Oliver Stone Visits Jeju Island
November 7, 2013
Amy Goodman / Democracy Now!
We continue our extended interview with three-time Academy Award-winning director, producer and screenwriter Oliver Stone. He discusses recent NSA protests, his recent visit to Jeju Island in South Korea to join protests against a planned naval base to house a US missile defense system close to China.
We continue our extended interview with three-time Academy Award-winning director, producer and screenwriter Oliver Stone. He discusses recent NSA protests, his recent visit to Jeju Island in South Korea to join protests against a planned naval base to house a US missile defense system close to China, and more about the assassination of JFK and his series, The Untold History of the United States.
AMY GOODMAN: This is Democracy Now!, democracynow.org, The War and Peace Report. I'm Amy Goodman.
Our guest is Oliver Stone, three-time Academy Award-winning filmmaker, famous for many films. Among them -- well, he was a Vietnam War veteran -- he did Platoon; Born on the Fourth of July; Wall Street; Salvador; Nixon; W. (about George W. Bush); South of the Border, a documentary about Latin American leaders; Wall Street and Wall Street 2. Well, now, a commemorative edition of his film, JFK, has just come out on Blu-ray as the 50th anniversary of JFK's assassination approaches, November 22nd. Most recently, Oliver Stone co-wrote a 10-part Showtime series called Oliver Stone's Untold History of the United States, which played on Showtime. Now it's available on Blue-ray with two extra chapters.
Welcome back to Democracy Now!, Oliver.
OLIVER STONE: Thank you, Amy.
AMY GOODMAN: You recently went to Jeju Island. Now, most people who are listening have no idea where that is, but it's in South Korea. You went there in August, World Heritage site, where the government wants to build a naval base to house a US missile defense system close to China.
Earlier this year, I spoke with one of those leading the fight against this base. Kang Dong-kyun is the mayor of Gangjeong, a village on Jeju Island in South Korea. Mayor Kang has been arrested many times. He spoke to us through a translator.
MAYOR KANG DONG-KYUN: [translated] The base that's being build on Jeju Island will not only be used by the South Korean government, but the United States also will be using this base. According to the Status of Forces Agreement between the US and South Korea, the US military base will also use this base. So if this base is completed, I worry that it will lead to another Cold War.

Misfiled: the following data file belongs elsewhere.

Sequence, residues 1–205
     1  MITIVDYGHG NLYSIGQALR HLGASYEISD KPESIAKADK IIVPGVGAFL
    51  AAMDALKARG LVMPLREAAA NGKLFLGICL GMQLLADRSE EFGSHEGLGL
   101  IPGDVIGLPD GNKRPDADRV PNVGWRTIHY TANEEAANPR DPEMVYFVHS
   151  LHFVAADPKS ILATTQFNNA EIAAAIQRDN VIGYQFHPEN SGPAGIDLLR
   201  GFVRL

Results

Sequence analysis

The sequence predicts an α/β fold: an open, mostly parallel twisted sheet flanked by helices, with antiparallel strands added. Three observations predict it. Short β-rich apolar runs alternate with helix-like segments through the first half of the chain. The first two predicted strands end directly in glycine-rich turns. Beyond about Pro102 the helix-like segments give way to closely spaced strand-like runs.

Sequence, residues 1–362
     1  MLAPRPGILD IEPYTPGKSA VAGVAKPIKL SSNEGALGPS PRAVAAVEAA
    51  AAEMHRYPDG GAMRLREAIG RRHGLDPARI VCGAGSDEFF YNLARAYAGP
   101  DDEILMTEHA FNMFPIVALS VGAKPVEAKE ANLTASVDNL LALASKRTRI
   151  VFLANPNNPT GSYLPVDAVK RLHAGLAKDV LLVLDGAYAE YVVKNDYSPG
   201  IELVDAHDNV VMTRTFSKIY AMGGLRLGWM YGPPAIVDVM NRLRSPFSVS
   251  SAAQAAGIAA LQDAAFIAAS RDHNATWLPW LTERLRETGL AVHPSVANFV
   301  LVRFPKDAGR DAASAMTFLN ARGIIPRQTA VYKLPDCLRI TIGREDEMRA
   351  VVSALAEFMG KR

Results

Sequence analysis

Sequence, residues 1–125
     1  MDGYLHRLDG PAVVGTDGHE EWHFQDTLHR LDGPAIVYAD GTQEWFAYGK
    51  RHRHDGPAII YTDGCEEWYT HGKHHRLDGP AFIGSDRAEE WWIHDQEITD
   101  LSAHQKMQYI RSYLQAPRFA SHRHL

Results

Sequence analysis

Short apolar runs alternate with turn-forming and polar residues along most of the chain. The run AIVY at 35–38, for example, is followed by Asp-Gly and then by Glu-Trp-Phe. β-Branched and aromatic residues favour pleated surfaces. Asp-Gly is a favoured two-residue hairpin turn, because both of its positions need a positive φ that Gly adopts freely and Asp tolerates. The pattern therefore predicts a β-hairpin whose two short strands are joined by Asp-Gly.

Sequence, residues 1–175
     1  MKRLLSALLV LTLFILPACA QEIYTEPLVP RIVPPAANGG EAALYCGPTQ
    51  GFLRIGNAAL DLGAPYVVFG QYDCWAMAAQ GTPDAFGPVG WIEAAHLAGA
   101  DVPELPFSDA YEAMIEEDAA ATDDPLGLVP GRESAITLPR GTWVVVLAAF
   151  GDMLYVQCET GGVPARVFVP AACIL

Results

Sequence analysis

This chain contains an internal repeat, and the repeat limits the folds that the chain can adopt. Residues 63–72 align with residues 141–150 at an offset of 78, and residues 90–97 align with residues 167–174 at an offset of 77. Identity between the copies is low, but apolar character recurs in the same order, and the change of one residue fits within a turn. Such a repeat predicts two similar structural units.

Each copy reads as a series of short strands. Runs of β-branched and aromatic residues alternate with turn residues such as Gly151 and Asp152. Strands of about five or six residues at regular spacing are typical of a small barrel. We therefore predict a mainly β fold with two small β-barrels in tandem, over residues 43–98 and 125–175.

So when President Obama meets with Chinese leaders, I hope they will discuss treating each other not through a contest of force, but through peaceful, diplomatic engagement. The major powers have to reduce their military budgets, and in order to do that, they should start by getting rid of military bases on geostrategic islands like Jeju and Okinawa.
I hope the US and Chinese governments can make a peace agreement to bring about global peace, resolve problems not through war, but through dialogue and mutual understanding, so that Jeju Islanders and people of the whole planet can live as dignified human beings in harmony with nature.
AMY GOODMAN: That is the mayor of a village on Jeju Island called Gangjeong. Mayor Kang has been arrested many times as he protests the US base that will be built there. Now, why, Oliver Stone, did you go to Jeju Island?
OLIVER STONE: I was on a trip to Nagasaki, Hiroshima and Okinawa, in conjunction with Untold History and commemorating the site of the atomic bombs. So I went to South Korea in addition, because it's part of the same problem. The United States' ax -- pivot to Asia involves going -- once again going back into our Asian positions, which we never gave up after World War II.
We held onto Japan, and eventually South Korea, and we armed these countries to the teeth. Now we've armed the Philippines. We've armed -- we've made an alliance with Vietnam. Taiwan, we armed with the most sophisticated stealth fighters we have, subs, everything. And Australia -- we have troops in Australia.
We're ringing the Chinese border, as we have rung around -- have now put NATO bases around Russia. It's part of our global expansion -- to control the world.
So, our mouths are drooling, because one of the best deep-water ports in the world is in Jeju, which is a lovely island, by the way. It's called "the island of peace" -- the nickname for it on a World Heritage site. Some of the best waters in the world, beautiful fishing and so forth. It's a beauty spot.
And, of course, in the heart of this, next to this poor village, where this mayor is very civil, is [where] they're putting up the ugliest base you've ever seen. Every day for five years now, they've been building it. Protests have been steady. The nuns, the priests, many of them Catholic, are out there, day by day. The South Koreans are in charge of the base. The Americans have a behind-the-scenes policy. But essentially it's a deepwater port where we will be able to dock the George Washington aircraft carrier carrying all kinds of nuclear missiles, anti-ballistic missiles. It's a state-of-the-art aircraft.
AMY GOODMAN: You went to --